I sit here in Montana reveling in the joys of the annual expedition to the family cabin at the lake. The nature of these visits is always centered around family – visiting, laughing, watching the smallest children grow, working on projects together. The little cabin that grandpa built is on the edge of Bull Lake in western Montana, surrounded by nature. The waves lap on the shore and the wind blows through the cedars and alders. We pick a ripe thimbleberry from the foot of the forest canopy near the boathouse. This year, the project was to get a little nature onto some fabric for some of our typical summer projects.
The first piece was painted with Procion MX dye, and leaves were laid on top, and then the whole thing was laid in the sun to dry. What happens is that the uncovered areas dry first, and then the moisture under the leaves wicks towards the dry areas, carrying the dye particles with it. This leaves the background areas darker than the areas where the leaf was. After the fabric was dry, we painted soda ash solution on top to fix the dye, and gave the fabric a rinse and wash after the soda ash had some time to work. Some of the more delicate patterns were lost, but the larger leaf prints were still good and strong. We did do another piece that had been soaked in soda ash before the painting and resists, but the soda ash fixed the dye the minute it hit the fabric, and the leaf prints didn’t show.
Next, we painted a length of wet fabric with watered-down Jacquard Textile Paint and a little watered-down Lumiere. We put the leaves on top and set it all in the sun again. We had to counteract the wind with a length of deer fence to hold it all down, but the leaves printed beautifully. After the fabric was dry and heat-set with an iron, we ran it through a weak bath of rust brown Procion MX in an effort to put color into the white spaces and mute the bright fabric paint a little. It’s simply gorgeous.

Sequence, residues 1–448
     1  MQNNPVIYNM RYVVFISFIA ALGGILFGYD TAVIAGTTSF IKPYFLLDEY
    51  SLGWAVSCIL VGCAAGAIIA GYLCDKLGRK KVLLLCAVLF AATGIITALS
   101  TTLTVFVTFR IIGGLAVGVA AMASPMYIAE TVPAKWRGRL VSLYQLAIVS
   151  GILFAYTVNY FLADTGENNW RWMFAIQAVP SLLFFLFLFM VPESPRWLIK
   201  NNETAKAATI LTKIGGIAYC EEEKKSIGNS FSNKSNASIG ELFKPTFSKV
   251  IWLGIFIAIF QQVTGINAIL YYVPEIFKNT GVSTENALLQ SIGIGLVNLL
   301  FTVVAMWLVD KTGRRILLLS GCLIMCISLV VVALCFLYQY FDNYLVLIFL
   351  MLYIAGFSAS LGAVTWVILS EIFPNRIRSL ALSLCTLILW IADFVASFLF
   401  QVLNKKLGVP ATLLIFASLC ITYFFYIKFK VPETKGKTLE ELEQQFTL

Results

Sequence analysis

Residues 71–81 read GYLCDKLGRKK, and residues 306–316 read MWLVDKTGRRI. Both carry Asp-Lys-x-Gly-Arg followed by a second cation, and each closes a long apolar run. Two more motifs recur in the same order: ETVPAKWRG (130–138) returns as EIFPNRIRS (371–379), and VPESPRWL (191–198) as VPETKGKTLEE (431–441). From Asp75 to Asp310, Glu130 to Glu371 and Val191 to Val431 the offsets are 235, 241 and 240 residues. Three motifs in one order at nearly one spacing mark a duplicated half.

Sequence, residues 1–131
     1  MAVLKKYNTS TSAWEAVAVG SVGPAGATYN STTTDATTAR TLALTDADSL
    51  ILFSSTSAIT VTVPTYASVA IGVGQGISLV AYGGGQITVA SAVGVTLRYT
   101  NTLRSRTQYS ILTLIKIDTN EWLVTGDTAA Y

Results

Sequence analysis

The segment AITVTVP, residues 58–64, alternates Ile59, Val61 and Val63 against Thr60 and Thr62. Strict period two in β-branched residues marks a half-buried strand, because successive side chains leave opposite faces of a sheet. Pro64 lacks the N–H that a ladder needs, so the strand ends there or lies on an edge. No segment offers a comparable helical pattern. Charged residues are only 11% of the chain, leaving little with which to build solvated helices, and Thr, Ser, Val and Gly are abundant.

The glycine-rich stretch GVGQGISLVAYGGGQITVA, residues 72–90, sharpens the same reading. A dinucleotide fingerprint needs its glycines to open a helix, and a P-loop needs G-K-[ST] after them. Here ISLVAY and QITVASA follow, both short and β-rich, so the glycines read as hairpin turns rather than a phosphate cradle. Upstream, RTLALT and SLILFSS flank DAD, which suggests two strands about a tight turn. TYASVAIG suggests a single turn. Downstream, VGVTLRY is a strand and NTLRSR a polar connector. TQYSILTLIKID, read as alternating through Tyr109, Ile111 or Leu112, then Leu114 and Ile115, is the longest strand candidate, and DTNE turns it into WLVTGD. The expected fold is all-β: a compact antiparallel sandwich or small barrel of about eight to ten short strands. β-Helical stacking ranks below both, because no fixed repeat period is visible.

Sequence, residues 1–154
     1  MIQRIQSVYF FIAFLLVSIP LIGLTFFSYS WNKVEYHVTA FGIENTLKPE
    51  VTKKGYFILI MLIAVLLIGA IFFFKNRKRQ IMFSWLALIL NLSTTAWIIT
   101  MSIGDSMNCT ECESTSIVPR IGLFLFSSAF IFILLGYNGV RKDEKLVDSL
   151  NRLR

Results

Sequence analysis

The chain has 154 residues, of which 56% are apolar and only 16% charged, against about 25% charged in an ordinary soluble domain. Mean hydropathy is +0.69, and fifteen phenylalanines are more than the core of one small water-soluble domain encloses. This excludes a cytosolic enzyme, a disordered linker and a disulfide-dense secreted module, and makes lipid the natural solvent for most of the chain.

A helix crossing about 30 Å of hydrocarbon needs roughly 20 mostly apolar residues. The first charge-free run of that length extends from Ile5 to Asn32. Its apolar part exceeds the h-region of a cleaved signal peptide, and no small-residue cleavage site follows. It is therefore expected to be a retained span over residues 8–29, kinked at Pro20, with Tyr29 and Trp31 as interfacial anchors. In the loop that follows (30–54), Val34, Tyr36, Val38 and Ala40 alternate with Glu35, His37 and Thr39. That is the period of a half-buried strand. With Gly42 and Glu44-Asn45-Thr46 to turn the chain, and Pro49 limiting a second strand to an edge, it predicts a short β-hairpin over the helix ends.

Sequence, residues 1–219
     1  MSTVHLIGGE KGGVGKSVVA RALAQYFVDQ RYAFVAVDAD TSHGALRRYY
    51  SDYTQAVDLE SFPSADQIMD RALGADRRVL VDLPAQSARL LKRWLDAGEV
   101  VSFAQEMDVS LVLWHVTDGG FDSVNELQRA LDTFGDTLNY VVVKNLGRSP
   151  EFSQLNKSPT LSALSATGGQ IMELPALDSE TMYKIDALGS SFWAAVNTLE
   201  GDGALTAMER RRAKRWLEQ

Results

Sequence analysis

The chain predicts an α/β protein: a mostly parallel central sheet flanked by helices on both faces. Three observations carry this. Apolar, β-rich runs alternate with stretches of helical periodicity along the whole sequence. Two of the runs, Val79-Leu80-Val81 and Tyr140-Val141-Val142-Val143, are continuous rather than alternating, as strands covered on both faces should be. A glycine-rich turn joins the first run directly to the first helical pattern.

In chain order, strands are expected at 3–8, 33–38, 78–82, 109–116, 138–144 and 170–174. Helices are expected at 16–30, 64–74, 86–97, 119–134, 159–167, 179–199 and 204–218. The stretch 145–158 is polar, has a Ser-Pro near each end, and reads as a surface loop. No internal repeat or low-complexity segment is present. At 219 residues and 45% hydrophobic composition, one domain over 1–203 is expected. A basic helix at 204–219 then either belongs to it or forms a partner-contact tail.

Next in line was an experience to build muscles. We treated some fabric with a mordant of alum, and when it was dry, we taped leaves to the fabric with masking tape, and pounded the leaf from the back of the fabric using a hammer. When you see the leaf juices come through the fabric, it’s time to peel the tape (and leaf) away. It is amazing the amount of detail that comes out, and the fabrics washed beautifully, though you never know when the fugitive nature of natural dyes will take over. I have heard some people say they’ve had their prints last for years without changing, but I suspect these might brown or fade over time. If you would like to learn more about this technique, take a look at The Art and Craft of Pounding Flowers by Laura C. Martin. You might also like Nature Printing by Laura Donnelly Bethmann.
To finish out the day, we sat with trays of Pentel Dye Sticks and did some rubbings and stencils onto fabric we’d dyed with a weak solution of Procion MX.
Tomorrow….printing with leaves and textile paint, and pounding leaves onto dyed fabric. My goodness, we have had fun!